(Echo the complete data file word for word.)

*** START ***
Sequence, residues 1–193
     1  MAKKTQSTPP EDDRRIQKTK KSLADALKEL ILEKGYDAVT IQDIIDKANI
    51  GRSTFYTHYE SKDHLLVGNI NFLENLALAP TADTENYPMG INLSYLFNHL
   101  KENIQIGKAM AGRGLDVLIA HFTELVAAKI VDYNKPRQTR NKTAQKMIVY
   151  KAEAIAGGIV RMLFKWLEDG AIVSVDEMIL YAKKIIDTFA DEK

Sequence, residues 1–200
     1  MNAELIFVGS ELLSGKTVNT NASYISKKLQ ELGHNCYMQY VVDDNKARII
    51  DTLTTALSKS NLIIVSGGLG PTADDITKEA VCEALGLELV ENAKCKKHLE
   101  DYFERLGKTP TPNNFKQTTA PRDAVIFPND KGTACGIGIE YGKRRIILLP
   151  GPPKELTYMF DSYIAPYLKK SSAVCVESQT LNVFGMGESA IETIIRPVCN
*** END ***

Sequence, residues 1–193
     1  MAKKTQSTPP EDDRRIQKTK KSLADALKEL ILEKGYDAVT IQDIIDKANI
    51  GRSTFYTHYE SKDHLLVGNI NFLENLALAP TADTENYPMG INLSYLFNHL
   101  KENIQIGKAM AGRGLDVLIA HFTELVAAKI VDYNKPRQTR NKTAQKMIVY
   151  KAEAIAGGIV RMLFKWLEDG AIVSVDEMIL YAKKIIDTFA DEK

Sequence, residues 1–200
     1  MNAELIFVGS ELLSGKTVNT NASYISKKLQ ELGHNCYMQY VVDDNKARII
    51  DTLTTALSKS NLIIVSGGLG PTADDITKEA VCEALGLELV ENAKCKKHLE
   101  DYFERLGKTP TPNNFKQTTA PRDAVIFPND KGTACGIGIE YGKRRIILLP
   151  GPPKELTYMF DSYIAPYLKK SSAVCVESQT LNVFGMGESA IETIIRPVCN